From Face Your Fear I learned about how this game uses audio and visuals to scare the user. So how I implemented it into our game is by using spatial audio and having it so it can only be heard when the user is within a certain radius of either the enemy or the video. In addition to having the user hear the enemy when near it, the user will also feel vibrations from the controller giving them a warning that the enemy is near them. For the visual aspect we will create certain poses for the enemy that it will make when scanned and I will make it similar to the weeping angels from Dr.Who where when scanned the enemy will get closer to the player.

 

Blog Post 5

My experience with this VR Project is mostly within Unity. I’m in charge of getting the game mechanics working, making so those mechanics are usable within VR, integrating the 360 Videos and designing levels.

I first started with getting our core mechanic down which is the echolocation effect. I went through many sources and found an example of the effect we were going for so I played around with the code they used for our game.

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The next mechanic that was needed for our game was having the enemy we have track the player. What I used for the Enemy AI was the pathfinding asset in the asset store of unity.

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Right now what I am working on for our next build is to integrate the 360 Videos we have recorded and put them into the levels as well as create levels that would be challenging and horrifying for the player.

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One of our levels

Blog Post 4 – VR Experience Contextual Review

Game: Face Your Fear

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What works within this game was its use of audio and visuals to build suspense and give fear to the player. How this game creates suspense for the player is that it doesn’t immediately throw you into the horror but slowly introduces the monster into the scene using audio and visual cues. From here the game builds up by the monster increasing getting scarier and louder causing the user to freak out and wondering when and where the monster is going to appear. What I learned from this experience is how this game uses audio as a major point to give the user a direction of where to look at the during the game and how audio can influence the mood of the player.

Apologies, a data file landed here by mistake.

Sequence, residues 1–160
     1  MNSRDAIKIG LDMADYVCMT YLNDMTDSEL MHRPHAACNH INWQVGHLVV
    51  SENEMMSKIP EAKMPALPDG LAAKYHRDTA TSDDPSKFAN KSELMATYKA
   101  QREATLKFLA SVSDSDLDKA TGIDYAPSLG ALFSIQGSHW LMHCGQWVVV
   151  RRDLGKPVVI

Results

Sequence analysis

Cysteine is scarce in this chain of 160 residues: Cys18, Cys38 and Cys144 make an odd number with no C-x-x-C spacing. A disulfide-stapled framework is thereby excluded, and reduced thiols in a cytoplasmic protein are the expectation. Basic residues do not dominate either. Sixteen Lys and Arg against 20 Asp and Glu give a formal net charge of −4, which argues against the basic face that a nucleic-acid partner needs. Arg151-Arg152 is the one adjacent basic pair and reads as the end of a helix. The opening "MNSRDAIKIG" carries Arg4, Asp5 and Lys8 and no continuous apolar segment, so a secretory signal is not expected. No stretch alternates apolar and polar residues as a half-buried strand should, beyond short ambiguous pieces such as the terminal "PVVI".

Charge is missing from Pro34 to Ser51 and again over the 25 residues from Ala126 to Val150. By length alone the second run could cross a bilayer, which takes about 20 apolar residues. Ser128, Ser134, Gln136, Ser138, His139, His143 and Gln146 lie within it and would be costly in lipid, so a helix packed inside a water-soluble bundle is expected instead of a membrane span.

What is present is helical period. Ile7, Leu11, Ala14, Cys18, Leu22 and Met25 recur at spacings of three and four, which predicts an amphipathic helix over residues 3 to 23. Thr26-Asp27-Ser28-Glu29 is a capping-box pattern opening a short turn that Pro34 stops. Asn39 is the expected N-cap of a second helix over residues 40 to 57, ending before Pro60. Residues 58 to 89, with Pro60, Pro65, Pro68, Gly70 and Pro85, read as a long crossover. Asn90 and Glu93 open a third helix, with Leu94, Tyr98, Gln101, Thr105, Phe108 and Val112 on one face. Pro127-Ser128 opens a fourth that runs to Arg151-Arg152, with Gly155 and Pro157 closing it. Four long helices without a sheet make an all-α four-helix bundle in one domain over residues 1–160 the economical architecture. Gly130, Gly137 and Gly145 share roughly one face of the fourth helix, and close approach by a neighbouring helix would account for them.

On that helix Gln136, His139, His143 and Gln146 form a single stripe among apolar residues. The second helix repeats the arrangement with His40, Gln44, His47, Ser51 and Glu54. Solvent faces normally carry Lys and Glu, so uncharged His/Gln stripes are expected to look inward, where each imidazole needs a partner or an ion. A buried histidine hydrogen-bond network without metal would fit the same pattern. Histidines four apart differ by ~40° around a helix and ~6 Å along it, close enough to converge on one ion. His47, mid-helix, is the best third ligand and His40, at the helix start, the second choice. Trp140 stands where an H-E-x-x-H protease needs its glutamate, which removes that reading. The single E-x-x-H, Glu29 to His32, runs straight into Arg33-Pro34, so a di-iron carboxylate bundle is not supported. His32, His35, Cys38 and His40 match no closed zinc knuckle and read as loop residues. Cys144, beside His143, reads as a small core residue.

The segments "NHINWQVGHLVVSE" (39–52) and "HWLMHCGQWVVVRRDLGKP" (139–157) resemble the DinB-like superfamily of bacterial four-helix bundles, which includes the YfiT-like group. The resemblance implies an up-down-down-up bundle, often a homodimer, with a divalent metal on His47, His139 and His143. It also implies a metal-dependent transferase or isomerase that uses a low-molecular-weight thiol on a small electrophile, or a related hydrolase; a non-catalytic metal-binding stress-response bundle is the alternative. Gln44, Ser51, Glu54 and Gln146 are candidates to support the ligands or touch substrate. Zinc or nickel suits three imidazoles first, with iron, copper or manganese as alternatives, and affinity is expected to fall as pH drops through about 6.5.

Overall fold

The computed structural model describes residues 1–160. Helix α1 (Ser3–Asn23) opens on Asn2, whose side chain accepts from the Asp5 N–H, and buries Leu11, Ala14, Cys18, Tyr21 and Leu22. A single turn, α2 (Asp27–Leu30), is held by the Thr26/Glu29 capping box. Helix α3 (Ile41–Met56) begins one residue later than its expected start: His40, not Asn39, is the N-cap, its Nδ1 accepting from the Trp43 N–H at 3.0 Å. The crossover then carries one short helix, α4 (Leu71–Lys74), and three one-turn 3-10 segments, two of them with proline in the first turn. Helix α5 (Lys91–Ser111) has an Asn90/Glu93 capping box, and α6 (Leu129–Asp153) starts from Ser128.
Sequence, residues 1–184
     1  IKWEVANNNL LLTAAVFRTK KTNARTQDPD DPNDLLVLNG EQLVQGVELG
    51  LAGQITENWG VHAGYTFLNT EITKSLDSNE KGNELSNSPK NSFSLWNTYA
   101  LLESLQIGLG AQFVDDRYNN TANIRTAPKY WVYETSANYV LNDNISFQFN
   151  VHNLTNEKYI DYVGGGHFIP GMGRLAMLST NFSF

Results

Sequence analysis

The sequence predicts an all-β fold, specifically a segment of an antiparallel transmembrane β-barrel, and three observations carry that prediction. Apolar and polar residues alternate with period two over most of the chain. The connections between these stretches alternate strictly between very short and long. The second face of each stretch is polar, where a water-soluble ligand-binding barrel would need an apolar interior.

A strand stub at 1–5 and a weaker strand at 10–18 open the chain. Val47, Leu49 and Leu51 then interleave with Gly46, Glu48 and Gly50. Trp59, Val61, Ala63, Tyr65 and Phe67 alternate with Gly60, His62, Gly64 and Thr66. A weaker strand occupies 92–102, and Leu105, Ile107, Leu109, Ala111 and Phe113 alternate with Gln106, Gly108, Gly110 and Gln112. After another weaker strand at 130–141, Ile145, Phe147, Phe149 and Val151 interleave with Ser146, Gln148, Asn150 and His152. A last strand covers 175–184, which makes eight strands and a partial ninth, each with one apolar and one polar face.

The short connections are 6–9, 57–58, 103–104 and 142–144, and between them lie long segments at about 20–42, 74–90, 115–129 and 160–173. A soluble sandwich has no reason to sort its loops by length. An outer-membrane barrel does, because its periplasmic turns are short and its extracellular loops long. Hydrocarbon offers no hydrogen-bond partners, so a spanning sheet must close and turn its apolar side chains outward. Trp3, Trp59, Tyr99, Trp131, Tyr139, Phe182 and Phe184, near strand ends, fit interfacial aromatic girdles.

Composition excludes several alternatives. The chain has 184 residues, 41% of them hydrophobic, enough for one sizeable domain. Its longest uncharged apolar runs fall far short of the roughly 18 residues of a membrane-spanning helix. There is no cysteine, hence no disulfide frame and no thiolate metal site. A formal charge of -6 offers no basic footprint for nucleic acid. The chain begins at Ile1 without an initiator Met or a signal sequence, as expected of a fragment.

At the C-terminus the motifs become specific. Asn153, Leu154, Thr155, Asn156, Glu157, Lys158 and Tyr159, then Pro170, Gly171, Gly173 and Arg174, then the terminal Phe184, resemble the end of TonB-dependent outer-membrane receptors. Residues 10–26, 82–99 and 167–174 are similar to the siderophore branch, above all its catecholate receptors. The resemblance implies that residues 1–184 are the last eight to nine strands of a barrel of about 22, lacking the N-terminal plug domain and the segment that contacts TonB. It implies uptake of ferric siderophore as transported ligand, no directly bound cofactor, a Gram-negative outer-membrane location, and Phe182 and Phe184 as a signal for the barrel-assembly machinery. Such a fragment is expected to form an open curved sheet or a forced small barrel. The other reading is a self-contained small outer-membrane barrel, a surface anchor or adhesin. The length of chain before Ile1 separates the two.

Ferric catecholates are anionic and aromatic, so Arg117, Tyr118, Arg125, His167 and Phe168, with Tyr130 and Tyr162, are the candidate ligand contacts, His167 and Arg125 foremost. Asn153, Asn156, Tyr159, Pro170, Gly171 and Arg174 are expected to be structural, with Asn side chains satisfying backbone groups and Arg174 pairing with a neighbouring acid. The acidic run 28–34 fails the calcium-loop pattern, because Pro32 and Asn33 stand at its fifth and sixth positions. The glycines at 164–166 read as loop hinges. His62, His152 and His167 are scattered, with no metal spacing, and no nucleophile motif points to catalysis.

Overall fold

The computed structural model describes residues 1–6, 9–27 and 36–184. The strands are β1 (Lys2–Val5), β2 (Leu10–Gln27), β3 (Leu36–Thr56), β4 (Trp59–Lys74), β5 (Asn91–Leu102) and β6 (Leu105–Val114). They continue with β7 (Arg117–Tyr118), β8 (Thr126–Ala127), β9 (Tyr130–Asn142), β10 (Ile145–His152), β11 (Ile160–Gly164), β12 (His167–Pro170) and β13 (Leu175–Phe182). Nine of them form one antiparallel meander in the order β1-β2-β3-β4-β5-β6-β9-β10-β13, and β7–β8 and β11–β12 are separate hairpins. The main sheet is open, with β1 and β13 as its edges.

Stifled

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What this game does is that it limits your vision by having a black screen as your vision and the only way you can see is you have to produce a sound using the controllers which gives a echolocation type of view and it highlights a part of the environment for a short amount of time. The echolocation mechanic is a mechanic that my group is using so it was a good experience to play a game with the same mechanic. What I learned from playing this is how we can use this mechanic and build our environment to fit our gameplay and how the player would experience it

Atelier IV: VR Object Creation Blog

The creation tool that I had used was Google Blocks within the Oculus Rift. The application itself felt fun and easy too use with its simple interface and its ability to model in 3D space. What I created was a simple robot within my time with the application.

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The next application I got to try was the music creation app, Modulia Studio. This application allowed me to create music using its virtual keyboard and allowed for songs to be made. Since it app is free, I could not access the other forms of keyboards available to me so I had to add multiple smaller keyboards to create one big keyboard.

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As for the 360 video I did not experience one but I did watch and talk to fellow classmates who experienced S.E.N.S VR. This game relies on the user to use their head and line of sight as the trigger which allows for an interesting way to play the game. The illustrations within the 3D space made it feel like the user was inside a comic book.